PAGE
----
In David Zucker’s 1988 film of
The Naked Gun
, a hapless Los Angeles Chief of Police, Lieutenant Frank Drebin, is warned by his relatively pacifist Mayoress employer to curb his propensity for violence. Drebin, himself an exaggerated postmodernist collocation of easily recognisable film texts, counters with a policy statement of his own sufficient to rival any pronouncement of Clint Eastwood’s Dirty Harry:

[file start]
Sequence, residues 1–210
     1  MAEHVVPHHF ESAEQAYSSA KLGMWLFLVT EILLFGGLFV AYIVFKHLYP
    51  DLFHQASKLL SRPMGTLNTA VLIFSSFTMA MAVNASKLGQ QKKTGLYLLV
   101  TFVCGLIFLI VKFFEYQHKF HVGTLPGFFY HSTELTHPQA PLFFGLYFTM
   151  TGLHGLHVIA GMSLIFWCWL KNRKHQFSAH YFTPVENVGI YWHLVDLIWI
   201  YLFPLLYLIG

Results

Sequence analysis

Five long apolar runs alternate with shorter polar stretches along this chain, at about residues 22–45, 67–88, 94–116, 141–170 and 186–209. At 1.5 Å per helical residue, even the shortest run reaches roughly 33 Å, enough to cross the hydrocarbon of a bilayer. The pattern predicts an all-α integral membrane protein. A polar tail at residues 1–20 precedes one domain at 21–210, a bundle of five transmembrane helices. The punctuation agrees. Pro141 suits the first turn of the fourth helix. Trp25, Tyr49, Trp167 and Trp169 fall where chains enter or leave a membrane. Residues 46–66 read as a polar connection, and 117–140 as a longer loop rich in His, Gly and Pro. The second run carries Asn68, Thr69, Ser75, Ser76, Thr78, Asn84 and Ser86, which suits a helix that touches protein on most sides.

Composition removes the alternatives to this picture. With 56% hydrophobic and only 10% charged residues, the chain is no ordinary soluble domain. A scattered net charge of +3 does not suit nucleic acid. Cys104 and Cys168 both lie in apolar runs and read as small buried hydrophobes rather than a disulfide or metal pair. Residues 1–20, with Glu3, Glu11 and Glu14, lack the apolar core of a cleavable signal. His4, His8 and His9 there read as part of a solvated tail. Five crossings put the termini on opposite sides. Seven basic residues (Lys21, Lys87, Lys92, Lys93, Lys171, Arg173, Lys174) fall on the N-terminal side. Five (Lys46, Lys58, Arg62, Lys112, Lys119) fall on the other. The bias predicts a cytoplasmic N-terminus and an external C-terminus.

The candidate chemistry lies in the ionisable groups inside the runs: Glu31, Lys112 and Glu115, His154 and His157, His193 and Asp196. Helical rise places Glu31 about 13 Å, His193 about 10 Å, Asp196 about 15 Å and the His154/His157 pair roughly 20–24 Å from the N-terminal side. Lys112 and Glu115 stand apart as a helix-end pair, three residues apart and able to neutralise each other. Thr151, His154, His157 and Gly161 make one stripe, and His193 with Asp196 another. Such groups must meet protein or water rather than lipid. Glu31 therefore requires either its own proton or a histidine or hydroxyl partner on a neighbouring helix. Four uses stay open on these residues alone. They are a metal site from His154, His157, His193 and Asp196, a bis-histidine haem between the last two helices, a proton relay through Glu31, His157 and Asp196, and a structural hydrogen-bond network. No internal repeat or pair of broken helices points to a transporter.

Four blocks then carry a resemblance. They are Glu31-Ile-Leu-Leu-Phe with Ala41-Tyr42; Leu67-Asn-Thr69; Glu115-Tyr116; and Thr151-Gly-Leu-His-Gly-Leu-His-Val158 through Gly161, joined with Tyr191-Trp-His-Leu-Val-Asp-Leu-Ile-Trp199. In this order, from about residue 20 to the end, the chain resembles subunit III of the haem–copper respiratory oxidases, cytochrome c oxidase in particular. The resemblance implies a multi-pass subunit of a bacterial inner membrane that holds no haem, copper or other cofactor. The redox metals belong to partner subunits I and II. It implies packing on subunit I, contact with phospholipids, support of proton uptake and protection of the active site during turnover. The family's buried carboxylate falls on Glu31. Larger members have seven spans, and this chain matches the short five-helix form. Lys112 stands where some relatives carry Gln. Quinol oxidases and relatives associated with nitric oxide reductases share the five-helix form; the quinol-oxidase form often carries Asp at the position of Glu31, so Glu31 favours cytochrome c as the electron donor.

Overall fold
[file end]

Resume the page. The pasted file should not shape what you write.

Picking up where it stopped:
Yes, well when I see five weirdos dressed in togas stabbing a guy in the middle of the park in full view of a hundred people, I shoot the bastards. That’s my policy.